Vocational training team shares expertise with Aga Khan University faculty in Uganda
Top: Dr. Yasmin Amarsi, dean of Aga Khan University’s School of Nursing and Midwifery, welcomes VTT leader Matthias Oladeinde Shoga to the university’s campus in Kampala, Uganda. Photo by Jan Damery
Bottom: The team meets staff from the Mpigi Health Center near Kampala. Photo courtesy of Matthias Oladeinde Shoga
Members of a vocational training team shared their expertise in nursing education with faculty at Aga Khan University’s School of Nursing and Midwifery recently.
The training team, the first funded by a Rotary Foundation packaged grant, visited the campus in Kampala, Uganda, 27 February-12 March. Led by physician and Past District Governor Matthias Oladeinde Shoga, the three nurse educators from Nigeria trained their counterparts in teaching practices that promote student learning and improve effectiveness in education.
The training covered research techniques, the use of anatomical models, simulated classroom situations, and how to assess students’ attitudes through body language.
“To demonstrate their acquired experience, the faculty conducted classes for students with the team in attendance as observers,” says Shoga. “The [VTT] experience was enriching for both the team and the university, as we had things to learn from each other.”
Maternal and child health
The Foundation entered a strategic partnership with Aga Khan University last year, creating new opportunities for Rotarians to serve in the maternal and child health area of focus. Packaged grants are available under the Foundation’s Future Vision grant model.
The team also met Dr. Yasmin Amarsi, dean of the school, who describes the launch of the partnership between the university and The Rotary Foundation through the VTT as a “history-making opportunity” to help improve maternal and child health in East Africa. She notes that it was particularly significant that the first VTT came to the university from another African country to forge stronger continental links and to learn from each other’s experiences.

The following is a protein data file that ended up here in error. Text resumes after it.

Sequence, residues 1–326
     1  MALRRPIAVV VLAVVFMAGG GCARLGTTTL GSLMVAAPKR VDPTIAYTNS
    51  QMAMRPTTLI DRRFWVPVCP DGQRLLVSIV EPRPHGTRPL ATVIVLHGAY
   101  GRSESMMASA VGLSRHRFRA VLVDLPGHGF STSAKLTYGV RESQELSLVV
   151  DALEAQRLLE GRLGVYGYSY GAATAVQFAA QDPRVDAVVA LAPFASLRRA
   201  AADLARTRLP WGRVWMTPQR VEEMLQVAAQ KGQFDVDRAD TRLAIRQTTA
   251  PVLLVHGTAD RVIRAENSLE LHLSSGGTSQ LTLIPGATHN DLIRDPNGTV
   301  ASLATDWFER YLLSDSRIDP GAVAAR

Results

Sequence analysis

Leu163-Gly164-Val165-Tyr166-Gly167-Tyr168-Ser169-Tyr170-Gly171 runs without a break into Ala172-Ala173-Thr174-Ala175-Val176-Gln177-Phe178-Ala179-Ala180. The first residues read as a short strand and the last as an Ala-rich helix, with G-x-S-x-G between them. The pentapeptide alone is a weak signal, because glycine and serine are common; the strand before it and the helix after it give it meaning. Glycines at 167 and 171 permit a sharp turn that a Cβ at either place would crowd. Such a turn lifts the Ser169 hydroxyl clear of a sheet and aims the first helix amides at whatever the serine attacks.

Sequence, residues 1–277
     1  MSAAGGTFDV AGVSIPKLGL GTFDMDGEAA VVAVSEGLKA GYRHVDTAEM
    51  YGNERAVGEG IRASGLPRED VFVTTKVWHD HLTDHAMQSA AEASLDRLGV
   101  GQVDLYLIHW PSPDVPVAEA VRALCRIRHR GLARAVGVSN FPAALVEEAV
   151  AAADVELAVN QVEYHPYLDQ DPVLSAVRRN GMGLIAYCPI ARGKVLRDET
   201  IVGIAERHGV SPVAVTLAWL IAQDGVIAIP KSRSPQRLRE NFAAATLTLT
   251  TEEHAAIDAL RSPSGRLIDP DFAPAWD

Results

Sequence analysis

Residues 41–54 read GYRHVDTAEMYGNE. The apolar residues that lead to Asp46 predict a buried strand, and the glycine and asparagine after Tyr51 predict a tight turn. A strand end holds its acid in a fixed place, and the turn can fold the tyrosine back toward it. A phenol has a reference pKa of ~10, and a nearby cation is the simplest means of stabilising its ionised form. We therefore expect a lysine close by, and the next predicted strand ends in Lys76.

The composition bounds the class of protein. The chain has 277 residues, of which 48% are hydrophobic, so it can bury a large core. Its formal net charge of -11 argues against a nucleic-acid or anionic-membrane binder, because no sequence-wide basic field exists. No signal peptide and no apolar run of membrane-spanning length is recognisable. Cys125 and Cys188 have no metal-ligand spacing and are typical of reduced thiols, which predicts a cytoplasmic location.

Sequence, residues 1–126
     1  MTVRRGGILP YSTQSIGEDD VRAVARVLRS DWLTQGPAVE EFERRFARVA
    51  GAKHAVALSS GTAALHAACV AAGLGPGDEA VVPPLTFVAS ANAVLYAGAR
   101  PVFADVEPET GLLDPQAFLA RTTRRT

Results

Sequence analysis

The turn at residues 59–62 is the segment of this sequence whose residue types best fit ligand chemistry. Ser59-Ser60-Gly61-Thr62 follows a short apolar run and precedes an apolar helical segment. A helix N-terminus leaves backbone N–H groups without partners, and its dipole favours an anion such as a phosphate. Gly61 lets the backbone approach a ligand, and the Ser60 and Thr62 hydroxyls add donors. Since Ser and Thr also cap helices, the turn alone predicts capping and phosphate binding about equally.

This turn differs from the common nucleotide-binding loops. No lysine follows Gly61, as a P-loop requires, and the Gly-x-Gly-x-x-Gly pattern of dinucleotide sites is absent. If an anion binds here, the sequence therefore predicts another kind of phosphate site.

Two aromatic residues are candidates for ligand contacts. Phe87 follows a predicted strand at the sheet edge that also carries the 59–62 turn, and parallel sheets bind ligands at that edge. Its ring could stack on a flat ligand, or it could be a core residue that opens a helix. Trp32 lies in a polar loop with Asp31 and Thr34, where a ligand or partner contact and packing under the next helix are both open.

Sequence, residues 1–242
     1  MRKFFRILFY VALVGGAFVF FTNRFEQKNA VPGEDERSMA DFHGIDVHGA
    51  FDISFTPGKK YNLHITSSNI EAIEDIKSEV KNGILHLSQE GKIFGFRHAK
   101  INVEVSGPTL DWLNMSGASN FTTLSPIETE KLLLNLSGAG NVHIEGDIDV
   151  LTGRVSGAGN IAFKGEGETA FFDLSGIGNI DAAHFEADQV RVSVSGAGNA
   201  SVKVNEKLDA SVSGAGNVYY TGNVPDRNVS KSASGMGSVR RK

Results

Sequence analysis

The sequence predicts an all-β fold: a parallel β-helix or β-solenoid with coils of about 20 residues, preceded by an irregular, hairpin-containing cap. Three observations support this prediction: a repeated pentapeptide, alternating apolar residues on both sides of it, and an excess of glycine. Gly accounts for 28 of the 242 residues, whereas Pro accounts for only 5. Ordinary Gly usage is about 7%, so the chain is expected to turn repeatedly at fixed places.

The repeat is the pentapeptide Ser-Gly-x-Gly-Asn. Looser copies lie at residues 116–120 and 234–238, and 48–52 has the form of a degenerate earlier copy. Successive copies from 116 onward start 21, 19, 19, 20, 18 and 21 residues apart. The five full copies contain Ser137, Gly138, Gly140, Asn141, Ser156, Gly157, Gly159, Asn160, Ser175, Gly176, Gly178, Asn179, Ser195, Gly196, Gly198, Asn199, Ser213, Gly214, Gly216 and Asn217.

Team members also participated in a community service project sponsored by the Rotary Club of Muyenga, assisting the treatment of patients at a health clinic in Kassamu Kyali. The clinic is part of a large, sustainable Foundation grant project active in three areas of focus. It has established a clean water system, a bakery, a goat-breeding program, a vocational center where women sew dresses and uniforms for orphans and free mosquito bed nets for the community, and a solar-powered cold-chain facility that stores vaccines. The effort is sponsored by the Muyenga club and the Rotary Club of Genk-Noord, Belgium.
“This was a revelation -- to see a single project touching so many areas of the lives of the inhabitants,” says Shoga.
In addition, team members conducted a prenatal and health education clinic at the Mpigi Health Center, which serves about 120,000 people in an area near Kampala.
As a result of the VTT, team members say they have gained a better understanding of Rotary and have since become involved in service projects with their sponsor clubs.
“One of the team members has shown interest in joining her sponsor club,” says Shoga. “All have been invited to join the Rotary Foundation alumni association [and] are enthusiastic about joining.”
As for future contacts between the VTT and Aga Khan University, Shoga says the university’s faculty are committed to continuing to improve their skills as educators and excited to be part of opportunities that offer outside assistance.
“Our findings of a survey made of students and faculty, as well as recommendations of the team, have been [provided] for future use by the faculty,” says Shoga. “The VTT plans to remain connected to the nursing education faculty at Aga Khan University.”